A former student of Christ’s, John Milton stands out among European poets for the ambition of Paradise Lost, his celebrated epic which retells the Biblical story of mankind’s Fall. Our exhibition, timed to celebrate the 400th anniversary of his birth, traces the origins of Milton’s poem in the turbulent currents of English history through which he lived. Although best known as a poet, Milton was also one of the seventeenth century’s most controversial religious and political thinkers. Towards the end of his life, shut up in prison by the newly-restored monarch, Milton’s fearless pursuit of personal liberty would have near-fatal consequences.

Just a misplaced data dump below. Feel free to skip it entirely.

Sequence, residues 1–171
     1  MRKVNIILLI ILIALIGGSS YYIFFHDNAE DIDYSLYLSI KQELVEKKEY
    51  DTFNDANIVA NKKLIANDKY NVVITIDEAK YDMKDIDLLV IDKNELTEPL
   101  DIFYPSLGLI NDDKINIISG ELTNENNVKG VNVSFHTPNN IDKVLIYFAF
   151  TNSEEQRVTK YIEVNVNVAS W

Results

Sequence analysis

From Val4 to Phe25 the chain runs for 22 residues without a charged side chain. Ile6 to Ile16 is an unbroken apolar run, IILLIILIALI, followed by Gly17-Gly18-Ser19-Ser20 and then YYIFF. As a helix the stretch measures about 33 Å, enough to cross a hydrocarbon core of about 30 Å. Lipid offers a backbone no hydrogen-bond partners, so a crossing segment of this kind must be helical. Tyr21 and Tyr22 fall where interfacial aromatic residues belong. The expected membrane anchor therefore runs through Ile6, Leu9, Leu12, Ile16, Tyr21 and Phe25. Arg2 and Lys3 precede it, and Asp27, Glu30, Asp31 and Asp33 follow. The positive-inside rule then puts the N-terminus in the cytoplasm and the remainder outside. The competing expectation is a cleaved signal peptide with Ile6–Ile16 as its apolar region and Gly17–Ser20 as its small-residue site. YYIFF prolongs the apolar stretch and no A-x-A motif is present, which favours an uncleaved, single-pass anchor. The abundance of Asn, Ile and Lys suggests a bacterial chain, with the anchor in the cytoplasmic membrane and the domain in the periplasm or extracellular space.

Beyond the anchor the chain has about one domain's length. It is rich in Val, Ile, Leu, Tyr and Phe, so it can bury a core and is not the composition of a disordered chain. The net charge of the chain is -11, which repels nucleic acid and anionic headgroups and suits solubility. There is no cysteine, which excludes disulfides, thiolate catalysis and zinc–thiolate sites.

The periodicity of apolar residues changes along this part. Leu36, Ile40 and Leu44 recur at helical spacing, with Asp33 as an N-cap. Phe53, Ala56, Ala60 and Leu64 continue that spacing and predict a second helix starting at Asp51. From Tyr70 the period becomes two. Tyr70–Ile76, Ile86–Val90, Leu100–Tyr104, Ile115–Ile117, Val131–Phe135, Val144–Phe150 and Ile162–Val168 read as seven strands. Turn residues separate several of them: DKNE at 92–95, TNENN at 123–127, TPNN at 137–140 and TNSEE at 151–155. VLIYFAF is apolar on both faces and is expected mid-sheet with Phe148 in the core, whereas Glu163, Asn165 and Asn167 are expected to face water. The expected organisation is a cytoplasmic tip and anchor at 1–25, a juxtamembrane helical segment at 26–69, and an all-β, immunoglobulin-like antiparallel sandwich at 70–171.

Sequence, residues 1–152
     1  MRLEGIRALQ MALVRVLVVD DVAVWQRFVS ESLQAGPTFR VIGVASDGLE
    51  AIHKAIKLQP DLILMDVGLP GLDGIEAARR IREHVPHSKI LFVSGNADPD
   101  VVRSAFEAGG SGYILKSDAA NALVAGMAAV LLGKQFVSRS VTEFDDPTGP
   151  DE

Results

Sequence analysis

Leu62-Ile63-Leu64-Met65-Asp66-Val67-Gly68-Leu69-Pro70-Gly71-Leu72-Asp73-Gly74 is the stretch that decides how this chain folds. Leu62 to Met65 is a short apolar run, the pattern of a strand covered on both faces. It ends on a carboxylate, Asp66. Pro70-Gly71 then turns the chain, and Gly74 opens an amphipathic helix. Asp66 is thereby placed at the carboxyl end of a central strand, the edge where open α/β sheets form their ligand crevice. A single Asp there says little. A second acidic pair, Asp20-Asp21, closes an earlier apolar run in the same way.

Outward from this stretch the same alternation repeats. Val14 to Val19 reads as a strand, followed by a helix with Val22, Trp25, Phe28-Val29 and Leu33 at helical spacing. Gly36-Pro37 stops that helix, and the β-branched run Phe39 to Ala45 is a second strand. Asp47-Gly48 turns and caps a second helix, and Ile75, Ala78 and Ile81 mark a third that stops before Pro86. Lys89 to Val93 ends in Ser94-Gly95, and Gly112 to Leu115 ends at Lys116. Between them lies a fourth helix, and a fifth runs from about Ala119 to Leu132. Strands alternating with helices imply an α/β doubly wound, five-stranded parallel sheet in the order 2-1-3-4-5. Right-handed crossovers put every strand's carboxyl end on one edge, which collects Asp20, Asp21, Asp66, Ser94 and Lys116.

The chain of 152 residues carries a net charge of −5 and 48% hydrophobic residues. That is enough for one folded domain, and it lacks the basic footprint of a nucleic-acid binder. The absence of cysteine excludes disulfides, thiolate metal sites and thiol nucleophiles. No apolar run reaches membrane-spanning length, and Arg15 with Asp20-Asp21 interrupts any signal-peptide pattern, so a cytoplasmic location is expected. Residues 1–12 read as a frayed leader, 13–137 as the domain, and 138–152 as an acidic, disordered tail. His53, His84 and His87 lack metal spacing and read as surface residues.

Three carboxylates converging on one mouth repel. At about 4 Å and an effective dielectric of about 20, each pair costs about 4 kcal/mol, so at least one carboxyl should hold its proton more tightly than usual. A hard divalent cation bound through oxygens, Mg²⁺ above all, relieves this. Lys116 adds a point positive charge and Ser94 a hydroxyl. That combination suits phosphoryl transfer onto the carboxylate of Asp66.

How have later poets, artists and reformers responded to Milton’s legacy? The extraordinary Milton collection in the library of Christ’s College, Cambridge—of which only a small part can be displayed here—tells the story of his influence through a variety of evocative artefacts. It shows that Milton’s hold on our imaginations is equally powerful now, as we mark the four centuries since his birth.

Milton's Education

Milton at Christ's

Early Works

Paradise Lost

Milton and Politics

Illustrating Paradise Lost

Late Works

Milton's Influence


All text copyright Sarah Howe and Christ's College Library. Images copyright Christ's College Library. If you would like to use any of our images, or learn more about our Milton collection, please contact the Library.